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Can the OEMs Squeeze More Blood from Us?

Motorcycle and powersport dealerships come in all shapes and sizes, and the same goes for setup and atmosphere. Some OEMs want to dictate this appearance, but some dealers disagree with where the line is drawn in terms of OEM involvement.

I see that Kawasaki has a new program called KESE. They want to sell us display items that they believe will make our showrooms look better.

And, on the face of it, this is a good idea. Some dealers have showrooms with all the appeal of a sinkhole in Florida; maybe for them it could work, if they sold enough additional units to have the extra profit to be able to afford the overpriced items. They want our showrooms to look nice. I get it. But I think the cost is far too high.

Honda has tried the whole “enforced look,” as well as almost all of the European marques. As far as I’m concerned, they have yet to prove to me that I’ll sell enough bikes, or sell enough of them at a higher margin to pay for the cost of the look they are espousing.

It has always seemed to me that those who can afford such items already have a nice showroom. We, as dealers, have spent, in many cases, hundreds of thousands of dollars to create a nice shopping experience for our customers. And then, one of the brands we carry says, “Oh, that’s not good enough. Let us help you market our product better for you.” Sounds good, doesn’t it? Until they present the inflated bill. It reminds me of the old saying: “Hello, I’m from the government, and I’m here to help!”

Why is it that powersports manufacturers have decided that we must have boutique stores that, first, will make all our stores look the same, and second, cost far more than they should? There may be a sound reason to have a Kawasaki, BMW, Ducati,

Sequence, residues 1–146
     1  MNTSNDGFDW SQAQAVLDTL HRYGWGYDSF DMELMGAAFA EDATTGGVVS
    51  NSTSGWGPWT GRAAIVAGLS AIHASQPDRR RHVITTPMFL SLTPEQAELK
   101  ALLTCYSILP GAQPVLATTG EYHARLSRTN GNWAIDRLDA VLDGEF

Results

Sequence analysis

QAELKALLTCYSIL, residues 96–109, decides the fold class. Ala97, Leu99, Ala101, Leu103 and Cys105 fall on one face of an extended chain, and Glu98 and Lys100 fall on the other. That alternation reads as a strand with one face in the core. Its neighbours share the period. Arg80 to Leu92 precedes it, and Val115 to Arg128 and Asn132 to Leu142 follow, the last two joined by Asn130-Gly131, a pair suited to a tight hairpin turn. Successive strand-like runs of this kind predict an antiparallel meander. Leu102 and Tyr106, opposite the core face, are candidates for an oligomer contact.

Triumph, or an Indian store look pretty, and I do like the look of them, but when the cost is equal to the amount of money that we might make on a hundred or more motorcycles, I’m starting to wonder if their egos have gotten far bigger than their brains.

Also, if you have multilines, you may have, as I do, sport bikes displayed all together, and adventure touring bikes in one area, etc. I find that this makes the selling process much more streamlined, rather than having the showroom organized by brand, as I used to. Now, another manufacturer tells us that they have a new program where they’ll sell you some great display items, at highly inflated prices.

We’re sure you’ll sell more units if you use our displays, they say. And by the way, we’ve done studies that show if you use them, your sales will go up by 17.5%. Also, if you want any favors from us, you have to implement the look we dictate. They want me to put all of their brand’s units in one area. It may work. But I still don’t think so.

We sell our units every day, belly-to-belly with our customers, and I have to say that most of us are pretty good at it. The manufacturers are, usually, good at providing us with a product that we can sell. The problem is they often don’t understand the day-to-day retail selling process. Do customers really care if the displays around the bikes are branded or not? Do they really care that they are illuminated by $50,000 worth of lighting fixtures from the distributor? I don’t believe so.

Yes, we should have a clean store. Yes, we should have a nice area where people can walk around and look at, touch, and sit on the units. And stores that have a disagreeable atmosphere should be encouraged to upgrade. Sales at stores like that probably reflect the lack of appeal. But if your store is profitable and selling units in good numbers, then you should be left alone. Period.

The only good thing about this whole KESE program, from what I can see, is that it’s not mandatory.

Yet.

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